The first order of business for this new adventure rig was to create secure storage out of the weather and a comfortable place to sleep. A color-matched ARE CX series bed cap, with a roof top tent (RTT) on top, was a great solution to accomplish these tasks.

The ARE cap features an internal metal skeleton that connects to the rack on top. This allows it to securely handle more weight, as the rack weight isn’t on the fiberglass cap itself. Hanna ordered the cap with a solid door on the driver side, to easily access items in the back of the bed, and a built-in toolbox on the passenger side, which houses all the essentials for off-road recovery and repairs.

EvoCorse Dakar Zero wheels wrapped in BFG tires

EvoCorse Dakar Zero wheels are wrapped in BFG AT2 tires.

A RTT was the next order of business. The tent would mount atop the solid rack on the ARE cap. After extensive research, Hanna went with a Hi-Vis Overland Crag2 RTT. He chose this tent for its value price, durable construction, integrated annex, and because a portion of the profits from each tent sale goes toward military veteran non-profits.

Call In the Experts

At this point in the build, Hanna knew he needed help to make the right choices. He turned to the brothers at Main Line Overland (MLO) for their expert advice, impressive product selection and quality service.

Hanna had met Tom Henwood back in 2016 while taking the off-road motorcycle course with Pine Barrens Adventure Camp, which is held on the Henwood family farm. That event was Hanna’s first introduction to overland vehicles in general. To top it off, MLO’s main shop in West Chester, Pennsylvania, was only a mile from Hanna’s house.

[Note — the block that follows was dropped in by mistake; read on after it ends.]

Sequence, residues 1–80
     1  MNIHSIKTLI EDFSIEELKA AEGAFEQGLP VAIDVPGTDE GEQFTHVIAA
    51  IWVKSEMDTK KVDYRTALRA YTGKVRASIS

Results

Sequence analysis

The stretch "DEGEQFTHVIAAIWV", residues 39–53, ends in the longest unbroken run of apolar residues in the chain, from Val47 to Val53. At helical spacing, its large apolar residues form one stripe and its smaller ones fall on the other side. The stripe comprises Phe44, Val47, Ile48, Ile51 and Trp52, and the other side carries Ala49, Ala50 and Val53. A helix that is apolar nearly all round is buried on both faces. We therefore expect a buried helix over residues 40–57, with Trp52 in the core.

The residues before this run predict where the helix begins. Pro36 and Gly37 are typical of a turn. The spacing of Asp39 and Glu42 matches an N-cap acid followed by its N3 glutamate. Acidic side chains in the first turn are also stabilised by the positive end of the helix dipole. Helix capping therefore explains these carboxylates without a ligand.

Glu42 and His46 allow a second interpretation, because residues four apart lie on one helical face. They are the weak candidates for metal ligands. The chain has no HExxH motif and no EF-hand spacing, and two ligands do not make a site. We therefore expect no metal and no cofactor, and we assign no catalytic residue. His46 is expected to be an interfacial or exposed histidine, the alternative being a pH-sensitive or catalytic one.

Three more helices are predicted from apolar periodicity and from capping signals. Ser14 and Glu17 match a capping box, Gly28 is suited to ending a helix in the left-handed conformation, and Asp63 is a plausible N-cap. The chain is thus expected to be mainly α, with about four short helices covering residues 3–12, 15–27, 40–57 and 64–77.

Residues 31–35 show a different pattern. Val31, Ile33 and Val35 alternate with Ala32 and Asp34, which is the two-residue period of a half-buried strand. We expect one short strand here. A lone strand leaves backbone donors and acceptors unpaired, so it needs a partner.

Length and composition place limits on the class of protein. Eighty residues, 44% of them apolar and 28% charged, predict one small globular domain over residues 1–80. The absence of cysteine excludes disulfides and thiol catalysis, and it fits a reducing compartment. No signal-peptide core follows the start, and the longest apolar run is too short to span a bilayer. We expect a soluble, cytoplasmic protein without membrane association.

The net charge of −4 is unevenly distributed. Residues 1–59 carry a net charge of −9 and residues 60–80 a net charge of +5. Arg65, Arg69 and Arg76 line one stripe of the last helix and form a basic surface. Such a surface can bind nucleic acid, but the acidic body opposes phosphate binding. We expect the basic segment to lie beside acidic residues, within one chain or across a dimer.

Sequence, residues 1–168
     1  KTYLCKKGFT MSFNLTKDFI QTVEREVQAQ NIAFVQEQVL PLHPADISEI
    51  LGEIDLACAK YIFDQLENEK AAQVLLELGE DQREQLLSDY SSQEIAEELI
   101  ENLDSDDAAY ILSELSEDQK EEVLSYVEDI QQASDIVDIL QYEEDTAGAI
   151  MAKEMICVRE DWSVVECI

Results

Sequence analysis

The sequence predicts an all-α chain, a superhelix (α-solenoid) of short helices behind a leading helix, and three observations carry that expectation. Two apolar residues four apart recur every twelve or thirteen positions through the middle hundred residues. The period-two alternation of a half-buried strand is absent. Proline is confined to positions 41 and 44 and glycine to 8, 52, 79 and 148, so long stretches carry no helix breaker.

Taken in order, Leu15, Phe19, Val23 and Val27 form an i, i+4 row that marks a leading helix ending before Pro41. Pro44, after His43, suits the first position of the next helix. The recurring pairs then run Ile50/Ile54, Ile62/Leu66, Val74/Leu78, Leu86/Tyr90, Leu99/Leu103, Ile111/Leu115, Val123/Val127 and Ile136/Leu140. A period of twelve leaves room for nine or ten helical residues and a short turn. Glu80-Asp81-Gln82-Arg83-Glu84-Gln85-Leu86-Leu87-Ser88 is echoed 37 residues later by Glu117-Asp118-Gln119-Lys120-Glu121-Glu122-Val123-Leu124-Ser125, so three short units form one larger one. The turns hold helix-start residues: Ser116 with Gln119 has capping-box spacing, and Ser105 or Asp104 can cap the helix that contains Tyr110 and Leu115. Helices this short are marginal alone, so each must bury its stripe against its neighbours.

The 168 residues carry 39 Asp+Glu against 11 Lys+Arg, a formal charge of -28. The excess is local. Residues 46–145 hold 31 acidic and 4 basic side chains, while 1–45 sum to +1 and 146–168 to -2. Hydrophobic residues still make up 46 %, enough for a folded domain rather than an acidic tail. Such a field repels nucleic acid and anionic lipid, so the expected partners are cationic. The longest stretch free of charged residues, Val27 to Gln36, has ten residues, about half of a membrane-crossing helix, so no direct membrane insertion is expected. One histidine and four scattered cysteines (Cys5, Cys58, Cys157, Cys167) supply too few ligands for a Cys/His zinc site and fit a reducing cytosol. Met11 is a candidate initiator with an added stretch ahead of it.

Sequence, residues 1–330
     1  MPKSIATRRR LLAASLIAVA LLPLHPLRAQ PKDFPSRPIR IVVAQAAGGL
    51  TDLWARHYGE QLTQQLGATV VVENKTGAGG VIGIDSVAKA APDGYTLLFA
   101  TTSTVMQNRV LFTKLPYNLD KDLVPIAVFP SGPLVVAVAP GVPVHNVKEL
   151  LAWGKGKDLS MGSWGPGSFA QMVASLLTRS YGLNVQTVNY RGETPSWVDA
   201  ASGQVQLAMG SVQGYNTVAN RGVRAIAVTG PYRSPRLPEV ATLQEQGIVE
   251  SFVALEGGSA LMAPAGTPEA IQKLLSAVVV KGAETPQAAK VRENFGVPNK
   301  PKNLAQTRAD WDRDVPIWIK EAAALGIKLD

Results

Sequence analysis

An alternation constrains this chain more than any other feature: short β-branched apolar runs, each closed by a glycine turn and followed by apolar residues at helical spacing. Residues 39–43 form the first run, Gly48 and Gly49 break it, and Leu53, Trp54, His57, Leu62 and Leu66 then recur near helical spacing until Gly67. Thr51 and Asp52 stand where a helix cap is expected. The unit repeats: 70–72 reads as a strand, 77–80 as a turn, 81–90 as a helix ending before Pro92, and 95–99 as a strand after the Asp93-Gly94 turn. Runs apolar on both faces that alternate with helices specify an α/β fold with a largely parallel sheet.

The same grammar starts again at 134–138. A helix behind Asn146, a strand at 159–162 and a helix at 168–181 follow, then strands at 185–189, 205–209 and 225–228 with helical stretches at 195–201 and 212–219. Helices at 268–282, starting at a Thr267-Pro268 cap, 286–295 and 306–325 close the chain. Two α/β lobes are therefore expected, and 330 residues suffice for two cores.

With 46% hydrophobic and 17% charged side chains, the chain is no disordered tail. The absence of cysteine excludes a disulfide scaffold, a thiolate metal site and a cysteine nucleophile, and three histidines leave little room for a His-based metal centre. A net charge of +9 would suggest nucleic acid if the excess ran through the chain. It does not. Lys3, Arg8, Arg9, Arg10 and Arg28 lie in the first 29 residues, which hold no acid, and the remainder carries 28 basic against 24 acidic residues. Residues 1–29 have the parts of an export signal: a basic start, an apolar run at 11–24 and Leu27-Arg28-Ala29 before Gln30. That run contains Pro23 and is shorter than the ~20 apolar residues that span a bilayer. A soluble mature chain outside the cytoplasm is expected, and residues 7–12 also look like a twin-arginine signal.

CBI front bumper, recovery points, light mounts, and a Warn winch mount

The CBI front bumper protection, recovery points, light mounts, and a solid Warn winch mount make this front end funtional with a clean look.

After a few meetings at the shop with Matt and Pete Henwood, the other two brothers of the trio, a comprehensive-build program was put together for the Tacoma. The first order of business was to sort out the suspension, wheels, and tires. The custom MLO GTS suspension system was installed to both handle the extra weight of everything going on the Tacoma and improve the ride quality when off road. The suspension also raises the truck a few inches, which allowed the fitment of 17×8 Evo Corse Dakar Zero wheels wrapped in 32.7×11.2 BFGoodrich KO2 E-rated tires. To make sure the alignment stayed true, SPC upper control arms were also fitted up front.

This Tacoma is prepared with Comms and navigation within reach

Comms and Nav are always within reach.

An aluminum CBI T3 front bumper with short center grille guard was next. Hanna color-matched the bumper to the truck in his home shop before MLO finished the bumper install with a Warn M8000-S winch and 20-inch combo LED light bar. MLO also installed bolt-on rock sliders from CBI.

Finishing Touches

Now that the Tacoma was ready to tackle the trails, had a place to store gear out of the weather, and had a built-in shelter, it was time to dial-in the camping systems and final touches. The first task was building out a drawer system in the truck bed. Hanna just couldn’t justify the price of the units on the market, so he built his own out of plywood. The system features one large deep drawer on the passenger side and a fridge/stove combo slide on the driver side.